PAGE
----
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CyberPower Infinity i7 Phoenix Gaming PC - CyberPower Infinity i7 Phoenix Gaming PC

Ardjuna Seghers

By Ardjuna Seghers



Our Score:


As for gaming, here the CyberPower Infinity i7 Phoenix also lives up to its price tag, as it simply annihilates everything we've reviewed before. On the audio side of things, the Creative X-Fi Gamer sound card brings EAX 5.0 HD for the best sound effects in games without placing much additional load on the CPU. Though a discrete sound card is no longer the necessity it once was in terms of features, they still greatly surpass onboard solutions for sheer quality.

As ever though, graphics is the most important part of any gaming setup and the AMD/ATI Radeon 5970 doesn't disappoint. If you want all the details on this card it's worth reading our review, but basically it puts two 5870 chips with slightly lower clock speeds on a single board using an internal CrossFire interface.

Only in Call of Duty does the quad-SLI graphics setup of the £2750 Fujitsu Celsius ULTRA even stand a chance, and then only as long as anti-aliasing (AA) is not applied. With AA on, the Radeon HD 5970 again comfortably pulls ahead of its rival's twin nVidia GeForce 295GTxs. Of course in DirectX 11-compatible titles the 5970 has no competition.

In the more complex and demanding Crysis running on DirectX 10, CyberPower's system also wins the day. Again we'll show you the chart here as it not only demonstrates this computer's lead over the ULTRA but also the perfectly stepped performance of the Radeon HD 5970 over the Dino PC's 5870, the Wired2Fire's 5850 and the Scan's 5750; basically the top four Radeon cards in AMD's lineup.

Crysis runs at a fairly smooth 33.6fps average on Very High Detail with the resolution set to 1,920 x 1,200, while even owners of 30in monitors can run the game on High Quality at 2,560 x 1,600 and maintain a reasonable 31fps.


March 4, 2010, 5:53 am

there's just one massive problem with this system it has windows 7 home premium by default which only supports 16Gb of RAM whereas professional and ultimate support upto 192Gb after spending all that money it's a bit silly to give you more RAM than the PC can physically use


March 4, 2010, 12:12 pm

The one thing that I would like to see is the actual decibel (dB) rating for PCs. I often read reviews that refer to noise but if mentioned it is either quiet or noisy. Although this gives a general indication it can not be used to compare two systems. Personally I would be willing to pay more for a PC that does what is asked for whilst being quiet in the process. To me PC noise and quality sound system do not go together.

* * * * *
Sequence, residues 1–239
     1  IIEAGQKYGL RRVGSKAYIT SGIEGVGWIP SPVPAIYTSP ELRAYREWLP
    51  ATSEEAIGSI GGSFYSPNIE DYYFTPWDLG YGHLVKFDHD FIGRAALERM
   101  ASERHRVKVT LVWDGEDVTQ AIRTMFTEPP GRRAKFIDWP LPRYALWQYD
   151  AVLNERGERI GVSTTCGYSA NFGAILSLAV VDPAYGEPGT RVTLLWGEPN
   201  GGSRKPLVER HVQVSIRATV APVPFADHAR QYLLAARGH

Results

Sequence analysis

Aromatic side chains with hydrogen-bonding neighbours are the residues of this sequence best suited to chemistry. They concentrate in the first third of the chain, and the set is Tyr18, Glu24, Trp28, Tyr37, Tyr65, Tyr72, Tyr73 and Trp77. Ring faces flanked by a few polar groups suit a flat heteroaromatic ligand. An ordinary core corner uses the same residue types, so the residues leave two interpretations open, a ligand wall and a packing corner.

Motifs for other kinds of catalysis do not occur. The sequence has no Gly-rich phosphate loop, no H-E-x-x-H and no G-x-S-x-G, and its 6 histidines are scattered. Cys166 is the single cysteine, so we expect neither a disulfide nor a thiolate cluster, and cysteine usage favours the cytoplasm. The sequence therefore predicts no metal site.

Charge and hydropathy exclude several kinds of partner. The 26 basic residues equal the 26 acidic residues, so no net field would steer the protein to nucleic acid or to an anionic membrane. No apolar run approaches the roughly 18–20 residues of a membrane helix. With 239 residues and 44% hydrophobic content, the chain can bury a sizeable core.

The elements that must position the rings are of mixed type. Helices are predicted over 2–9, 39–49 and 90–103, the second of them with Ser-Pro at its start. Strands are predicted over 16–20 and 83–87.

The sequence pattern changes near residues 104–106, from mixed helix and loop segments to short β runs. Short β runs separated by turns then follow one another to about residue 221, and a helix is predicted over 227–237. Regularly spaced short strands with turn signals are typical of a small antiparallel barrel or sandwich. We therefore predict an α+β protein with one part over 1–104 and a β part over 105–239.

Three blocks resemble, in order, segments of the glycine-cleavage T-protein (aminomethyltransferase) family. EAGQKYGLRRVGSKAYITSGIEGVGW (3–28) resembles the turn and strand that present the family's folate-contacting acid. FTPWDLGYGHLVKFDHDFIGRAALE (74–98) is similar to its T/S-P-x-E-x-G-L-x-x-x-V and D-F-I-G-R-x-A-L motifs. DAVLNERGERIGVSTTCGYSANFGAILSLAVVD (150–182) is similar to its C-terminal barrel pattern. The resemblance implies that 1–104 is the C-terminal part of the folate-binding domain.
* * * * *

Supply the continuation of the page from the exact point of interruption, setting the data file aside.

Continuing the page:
March 4, 2010, 2:49 pm


You're right of course, slight error on our part - though in fact the initial spec did list Win 7 Premium, all versions are delivered with Win 7 Professional (as was our test sample).


We'll look into it. And I couldn't agree more, any PC above £2000 should ideally be whisper-quiet (and we can but dream that one day, ALL PCs will be whisper-quiet).


March 4, 2010, 5:08 pm

Thanks for the review, I did the OC and tuning on this PC. Yeah, value is a bit poor with the current price of 4GB DDR3 sticks and yes it is overkill. Unfortaunately Intels ever receding release date for the Gulftown 6-Core CPU meant we couldn't go one better.

On the noise front, any systems from now onwards should be getting the i7 930 CPU which tends to run a little cooler than the 920 at high CPU clocks. I did a system in an Antec 1200 for a customer recently where the intake and radiator fans were all replaced with 'silent' red LED fans and we used a water cooled 5870 with only 3.8GHz on the CPU. This system was quieter than the review system here but there is always going to be a delicate balancing act of the overclockers trinity of performance, noise and heat in a system at this performance level. Turning the fans down to watch a Blu-Ray would be very unlikely to cause stability problems since most of the work is done by the GPU.



March 5, 2010, 2:18 am

im sure if they dropped it down to 3.8ghz you could make it much quieter.

24gb that IS bizzare i still think 6gb is overkill.i wonder if you could use the ram as a hdd for windows .

nice system tho,i wouldnt say no to it.trouble is games on pc are become consolized? even with max quality and resolutions a lowly £100 gpu can run them with ease.maybe this will be a system for crysis 2.

hey initialised how about one for a competition?.


March 5, 2010, 5:20 am

@betelgeus - I agree all that RAM is crying out to be used as a RAM disk, but you wouldn't be able to use it for a Windows install since it would require a constant power source (i.e. you would have to reinstall Windows every time you restarted the PC).


March 5, 2010, 6:45 am

@Ardjuna: cool, good to know though I guess if you're spending this much cash on a top end rig you would likely spend a few quid more and plump for ultimate if only for the factor of having 'top' everything


March 5, 2010, 3:01 pm

One of the advantages of water cooling is to make PC's quieter, but in this case they have just used it to overclock the CPU. Maybe with some more modifications, eg. water cool the northbridge/southbridge/memory/GPU etc, this could be made to be a lot quieter. Also it's possible to make PC's quieter with sound proofing foam, but of course you would loose the pretty lights into the case. :)

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